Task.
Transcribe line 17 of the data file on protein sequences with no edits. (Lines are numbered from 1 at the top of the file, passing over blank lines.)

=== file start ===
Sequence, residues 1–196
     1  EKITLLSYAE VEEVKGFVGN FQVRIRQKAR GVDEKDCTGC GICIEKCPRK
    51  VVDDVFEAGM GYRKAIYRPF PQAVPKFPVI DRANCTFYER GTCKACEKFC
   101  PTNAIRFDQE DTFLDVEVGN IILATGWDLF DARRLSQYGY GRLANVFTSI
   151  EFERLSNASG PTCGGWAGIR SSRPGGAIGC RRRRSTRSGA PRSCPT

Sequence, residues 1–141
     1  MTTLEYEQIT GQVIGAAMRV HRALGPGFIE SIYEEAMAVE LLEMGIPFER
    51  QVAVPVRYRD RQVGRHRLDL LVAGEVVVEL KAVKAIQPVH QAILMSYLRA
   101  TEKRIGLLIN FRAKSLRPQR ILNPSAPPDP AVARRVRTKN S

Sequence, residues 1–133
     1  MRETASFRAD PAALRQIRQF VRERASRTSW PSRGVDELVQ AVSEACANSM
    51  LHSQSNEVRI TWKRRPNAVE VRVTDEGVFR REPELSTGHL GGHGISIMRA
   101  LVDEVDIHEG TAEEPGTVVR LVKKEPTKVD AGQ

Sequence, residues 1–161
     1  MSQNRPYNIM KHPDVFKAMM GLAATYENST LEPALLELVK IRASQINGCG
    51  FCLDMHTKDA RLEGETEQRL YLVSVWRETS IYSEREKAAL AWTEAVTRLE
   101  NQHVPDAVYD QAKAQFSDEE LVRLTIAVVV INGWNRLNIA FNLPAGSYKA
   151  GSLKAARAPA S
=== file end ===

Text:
   101  NQHVPDAVYD QAKAQFSDEE LVRLTIAVVV INGWNRLNIA FNLPAGSYKA